Arcadia Exhibitions organizes programming for four distinct gallery spaces on Arcadia University’s campus, offering a stimulating roster of individual and thematic exhibitions of contemporary art ranging in scope and stature from the regional to the international. Arcadia's exhibitions regularly travel, often to major museums many times its scale, such as the Hammer Museum in Los Angeles and the Victoria & Albert Museum in London. With grants from the Center, Arcadia has organized Ai Weiwei: Dropping the Urn (2009), a traveling survey of the Beijing-based artist’s ceramics and the first museum show of his work outside of New York; JG (2010), a major new film by Berlin-based artist Tacita Dean, shot in Death Valley and the Salt Lake Flats; and Pati Hill: Photocopier (2014), an exhibition of the early artwork of Pati Hill, an American writer who pioneered the use of the photocopier as an artistic tool in the 1970s. In 2019, Arcadia received a Center Project grant to produce Polly Apfelbaum: For the Love of Una Hale, an exhibition of new work by award-winning visual artist Polly Apfelbaum, who fuses craft traditions, sculpture, and large-scale installation. In 2020, Arcadia received a Center Project grant to present Sun & Sea, a contemporary Lithuanian opera that addresses ecological concerns through the inner monologues and melodies of a chorus of beachgoers.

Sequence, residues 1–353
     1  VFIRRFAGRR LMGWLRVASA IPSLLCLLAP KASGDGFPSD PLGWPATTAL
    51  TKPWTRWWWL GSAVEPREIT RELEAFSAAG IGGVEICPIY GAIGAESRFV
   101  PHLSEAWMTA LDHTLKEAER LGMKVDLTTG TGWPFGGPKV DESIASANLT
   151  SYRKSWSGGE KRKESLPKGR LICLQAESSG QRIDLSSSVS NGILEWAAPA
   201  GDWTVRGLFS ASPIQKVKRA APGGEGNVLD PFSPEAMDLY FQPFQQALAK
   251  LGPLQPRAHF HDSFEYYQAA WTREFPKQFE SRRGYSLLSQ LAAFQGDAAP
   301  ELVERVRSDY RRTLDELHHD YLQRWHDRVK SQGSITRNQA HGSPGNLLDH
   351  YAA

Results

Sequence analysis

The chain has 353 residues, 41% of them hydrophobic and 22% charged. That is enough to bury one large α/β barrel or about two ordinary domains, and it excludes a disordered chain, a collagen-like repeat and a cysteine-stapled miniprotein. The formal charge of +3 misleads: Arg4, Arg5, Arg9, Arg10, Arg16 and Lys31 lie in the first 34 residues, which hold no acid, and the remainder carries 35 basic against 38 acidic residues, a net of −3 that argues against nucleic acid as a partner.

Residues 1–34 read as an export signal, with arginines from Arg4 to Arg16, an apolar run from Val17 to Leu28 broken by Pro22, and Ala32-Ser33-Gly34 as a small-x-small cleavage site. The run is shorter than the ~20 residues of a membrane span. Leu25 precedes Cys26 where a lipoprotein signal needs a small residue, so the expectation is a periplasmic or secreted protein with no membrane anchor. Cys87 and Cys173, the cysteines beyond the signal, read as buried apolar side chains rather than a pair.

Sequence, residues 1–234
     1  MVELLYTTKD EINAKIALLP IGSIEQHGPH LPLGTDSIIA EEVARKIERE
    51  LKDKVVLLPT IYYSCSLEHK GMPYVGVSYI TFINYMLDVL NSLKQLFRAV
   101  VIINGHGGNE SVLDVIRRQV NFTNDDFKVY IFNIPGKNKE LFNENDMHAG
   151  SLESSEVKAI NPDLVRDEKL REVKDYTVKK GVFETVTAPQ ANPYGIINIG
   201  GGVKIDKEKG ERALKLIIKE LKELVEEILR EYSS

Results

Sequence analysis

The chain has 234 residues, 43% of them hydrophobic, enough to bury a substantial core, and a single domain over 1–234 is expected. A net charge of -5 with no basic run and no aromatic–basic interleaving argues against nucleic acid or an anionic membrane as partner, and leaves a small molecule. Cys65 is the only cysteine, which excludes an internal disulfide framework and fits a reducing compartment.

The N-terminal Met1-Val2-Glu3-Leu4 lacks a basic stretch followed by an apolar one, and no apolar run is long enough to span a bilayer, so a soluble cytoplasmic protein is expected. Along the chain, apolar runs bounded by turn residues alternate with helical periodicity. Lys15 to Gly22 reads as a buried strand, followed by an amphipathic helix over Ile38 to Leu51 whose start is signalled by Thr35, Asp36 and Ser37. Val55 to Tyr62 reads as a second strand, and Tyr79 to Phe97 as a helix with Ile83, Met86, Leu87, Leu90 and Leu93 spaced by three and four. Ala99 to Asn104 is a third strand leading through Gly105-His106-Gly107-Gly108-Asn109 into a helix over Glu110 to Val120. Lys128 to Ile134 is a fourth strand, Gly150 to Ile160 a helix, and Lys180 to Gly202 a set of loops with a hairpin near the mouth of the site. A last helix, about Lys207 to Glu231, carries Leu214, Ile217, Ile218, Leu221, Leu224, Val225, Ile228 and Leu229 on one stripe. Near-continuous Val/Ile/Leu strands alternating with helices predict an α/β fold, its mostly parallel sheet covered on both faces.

Ai Weiwei: Dropping the Urn was the first museum exhibition of internationally acclaimed Chinese artist Ai Weiwei to be presented in the United States outside of New York City. Included were examples of Weiwei's use of Neolithic and Han Dynasty vessels that he marked with hand-painted inscriptions of the Coca-Cola logo, dipped into vats of industrial paint, or smashed on the ground in performances for the camera. It also included a new work made from a ton of "sunflower seeds" crafted from porcelain. The exhibition was scheduled to coincide with the spring 2010 conference of the National Council on Education for the Ceramic Arts in Philadelphia, and was conceived to contribute a critical polemic to the discourse about clay in the region. The catalog includes essays by writer and curator Philip Tinari and art historian Dario Gamboni, examining Weiwei's strategies within the legacy of iconoclasm; an essay situating Weiwei's work within the tradition of Chinese ceramics by Stacey Pierson; and a text by Victoria and Albert Museum curator Glenn Adamson.